https://en.wikipedia.org/wiki/Theore...r_sciences.png

    I often use these diagram to illustrate to people the importance of mathematics & ontology in the success of physics, though ontology is not something that is necessary to be studied but rather understood in order to be a successful physicist. There is often a vague line between where mathematics and theoretical physics cross, which is why many university departments, notably Cambridge, refer to it as applied mathematics and theoretical physics. However consider this very well written piece from stack exchange...

    "Theoretical physics is the field that develops theories about how nature operates. It is fundamentally physics, in that the ultimate goal is to describe reality. It is informed by experiment, and at the same time it extends the results of experiments, making predictions about what has not been physically tested. This is accomplished using the language of mathematics, and often the demands of theoretical physicists force mathematicians to extend this language in new directions, but it is not concerned with developing the language of math. Theoretical physicists are, among other things, physicists who are very well-versed in math (which is not to say other physicists are not - please don't hurt me).

    Mathematical physics, on the other hand, is a branch of mathematics. It explores relations between abstract concepts, proves certain results contingent upon certain hypotheses, and establishes an interlinked set of tools that can be used to study anything that happens to match the relations and hypotheses on hand. This branch in particular is motivated by the theories used in physics. It may seek to prove certain truths that were simply assumed by physicists, or carefully delineate the conditions under which certain theories hold, or even provide generally applicable tools to physicists, who can in turn apply them to nature. Mathematical physicists are mathematicians who are intrigued/inspired by physics.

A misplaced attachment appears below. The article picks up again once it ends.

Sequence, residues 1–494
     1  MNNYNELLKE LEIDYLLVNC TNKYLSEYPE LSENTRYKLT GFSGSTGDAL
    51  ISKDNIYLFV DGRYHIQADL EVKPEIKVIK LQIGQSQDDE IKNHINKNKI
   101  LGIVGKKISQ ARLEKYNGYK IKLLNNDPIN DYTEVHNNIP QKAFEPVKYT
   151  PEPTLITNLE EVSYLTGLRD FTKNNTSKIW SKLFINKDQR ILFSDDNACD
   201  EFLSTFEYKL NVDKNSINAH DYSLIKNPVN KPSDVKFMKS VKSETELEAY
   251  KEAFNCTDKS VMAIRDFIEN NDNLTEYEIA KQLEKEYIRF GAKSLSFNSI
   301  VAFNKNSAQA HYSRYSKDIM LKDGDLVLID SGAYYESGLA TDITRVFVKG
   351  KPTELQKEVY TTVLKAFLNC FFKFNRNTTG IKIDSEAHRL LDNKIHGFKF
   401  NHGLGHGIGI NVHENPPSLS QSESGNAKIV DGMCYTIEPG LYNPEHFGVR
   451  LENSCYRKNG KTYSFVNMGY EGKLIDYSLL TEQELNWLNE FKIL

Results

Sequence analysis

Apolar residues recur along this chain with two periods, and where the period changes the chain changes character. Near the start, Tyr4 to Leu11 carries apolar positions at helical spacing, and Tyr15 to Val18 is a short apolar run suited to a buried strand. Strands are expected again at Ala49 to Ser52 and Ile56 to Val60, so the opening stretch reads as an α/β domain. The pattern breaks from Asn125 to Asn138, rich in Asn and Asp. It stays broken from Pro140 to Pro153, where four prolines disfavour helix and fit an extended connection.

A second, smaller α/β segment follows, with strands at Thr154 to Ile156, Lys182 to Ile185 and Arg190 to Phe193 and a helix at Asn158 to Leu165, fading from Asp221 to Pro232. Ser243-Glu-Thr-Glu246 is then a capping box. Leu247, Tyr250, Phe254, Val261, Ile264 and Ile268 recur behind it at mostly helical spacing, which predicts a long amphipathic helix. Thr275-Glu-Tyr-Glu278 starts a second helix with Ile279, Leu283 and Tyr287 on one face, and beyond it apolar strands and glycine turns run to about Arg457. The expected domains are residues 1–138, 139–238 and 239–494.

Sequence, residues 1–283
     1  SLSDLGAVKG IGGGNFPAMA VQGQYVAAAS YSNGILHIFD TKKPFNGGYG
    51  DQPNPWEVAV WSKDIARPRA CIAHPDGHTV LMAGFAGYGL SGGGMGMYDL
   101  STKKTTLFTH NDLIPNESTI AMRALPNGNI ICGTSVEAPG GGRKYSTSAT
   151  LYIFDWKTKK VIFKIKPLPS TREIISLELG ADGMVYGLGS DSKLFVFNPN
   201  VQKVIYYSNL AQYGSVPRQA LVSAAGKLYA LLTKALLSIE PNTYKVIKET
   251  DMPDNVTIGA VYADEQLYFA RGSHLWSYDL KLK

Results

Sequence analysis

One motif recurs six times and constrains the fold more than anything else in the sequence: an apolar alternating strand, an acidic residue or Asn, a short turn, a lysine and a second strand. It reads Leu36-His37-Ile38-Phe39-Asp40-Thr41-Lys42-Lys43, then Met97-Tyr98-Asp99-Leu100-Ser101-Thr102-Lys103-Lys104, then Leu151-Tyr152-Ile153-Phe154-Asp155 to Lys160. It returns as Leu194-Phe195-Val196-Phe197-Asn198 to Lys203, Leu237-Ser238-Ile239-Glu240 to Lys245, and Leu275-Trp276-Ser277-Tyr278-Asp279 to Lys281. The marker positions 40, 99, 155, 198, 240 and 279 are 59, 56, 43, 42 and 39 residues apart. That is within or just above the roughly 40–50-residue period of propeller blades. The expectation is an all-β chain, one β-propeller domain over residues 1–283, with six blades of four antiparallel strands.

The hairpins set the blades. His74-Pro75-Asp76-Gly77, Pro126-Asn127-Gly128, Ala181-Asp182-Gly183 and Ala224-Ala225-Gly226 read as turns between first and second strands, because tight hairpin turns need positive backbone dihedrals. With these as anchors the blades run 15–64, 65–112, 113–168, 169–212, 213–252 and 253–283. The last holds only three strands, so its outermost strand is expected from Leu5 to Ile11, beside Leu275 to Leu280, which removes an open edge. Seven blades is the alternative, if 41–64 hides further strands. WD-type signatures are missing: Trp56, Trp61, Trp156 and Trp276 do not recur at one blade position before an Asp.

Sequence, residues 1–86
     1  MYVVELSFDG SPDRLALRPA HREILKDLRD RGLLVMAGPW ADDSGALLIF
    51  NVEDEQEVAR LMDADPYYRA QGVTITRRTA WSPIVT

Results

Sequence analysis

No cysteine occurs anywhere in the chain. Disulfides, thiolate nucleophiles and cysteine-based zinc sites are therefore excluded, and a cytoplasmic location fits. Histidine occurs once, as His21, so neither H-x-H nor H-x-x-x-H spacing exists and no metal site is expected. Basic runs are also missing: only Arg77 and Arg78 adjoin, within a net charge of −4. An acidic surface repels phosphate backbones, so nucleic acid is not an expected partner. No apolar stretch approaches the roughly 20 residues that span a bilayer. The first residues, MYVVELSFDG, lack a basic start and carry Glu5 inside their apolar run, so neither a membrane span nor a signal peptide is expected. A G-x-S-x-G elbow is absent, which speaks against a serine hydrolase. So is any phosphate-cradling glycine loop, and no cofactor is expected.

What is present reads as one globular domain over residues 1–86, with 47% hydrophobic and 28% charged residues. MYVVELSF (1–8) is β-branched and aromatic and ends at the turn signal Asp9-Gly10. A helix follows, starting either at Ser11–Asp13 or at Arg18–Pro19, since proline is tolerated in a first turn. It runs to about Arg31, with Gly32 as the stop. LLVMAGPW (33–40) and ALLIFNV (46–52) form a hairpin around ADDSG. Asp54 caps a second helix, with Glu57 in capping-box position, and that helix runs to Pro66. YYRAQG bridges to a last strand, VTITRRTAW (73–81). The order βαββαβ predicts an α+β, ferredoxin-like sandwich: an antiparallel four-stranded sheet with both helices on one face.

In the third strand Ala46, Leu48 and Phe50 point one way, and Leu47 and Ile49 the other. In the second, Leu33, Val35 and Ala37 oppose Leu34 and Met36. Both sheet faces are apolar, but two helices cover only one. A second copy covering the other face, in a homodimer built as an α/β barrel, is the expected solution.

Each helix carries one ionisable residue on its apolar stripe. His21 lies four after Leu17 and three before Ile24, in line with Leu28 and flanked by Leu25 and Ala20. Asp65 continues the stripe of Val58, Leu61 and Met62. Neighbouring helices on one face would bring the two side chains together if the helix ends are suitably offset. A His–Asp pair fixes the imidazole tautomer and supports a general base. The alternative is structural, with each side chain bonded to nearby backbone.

One could say that mathematical physics is concerned with the internal, logical consistency of physical theories, while theoretical physics is concerned with finding the right model to describe the world around us. Very roughly, one might diagram these things as shown below.

    Mathematical physics⟺Theoretical physics⟺Experimental physics"

    Upon understanding that, this should give you an indication to the route you wish to take. There is no 'best route' in my opinion because learning at the highest level of university at the forefront of the field, you are able to make contributions by thought processes and problem solving. However, there is a more 'standard' route, which would be to take an undergrad in theoretical physics, followed by an MSc/PhD. You could essentially take an undergrad in math which serves concepts in theoretical physics and take a conversion masters to theoretical physics in anticipation of a phd or vice versa, depending on your strengths/weaknesses. The difference between taking a degree in mathematics/mathematical physics and theoretical physics would be that though you may take the same courses, the context in which they are taught or applied may very well vary.

    I hope this helps.

    BSc Mathematics/MSc Applied Mathematics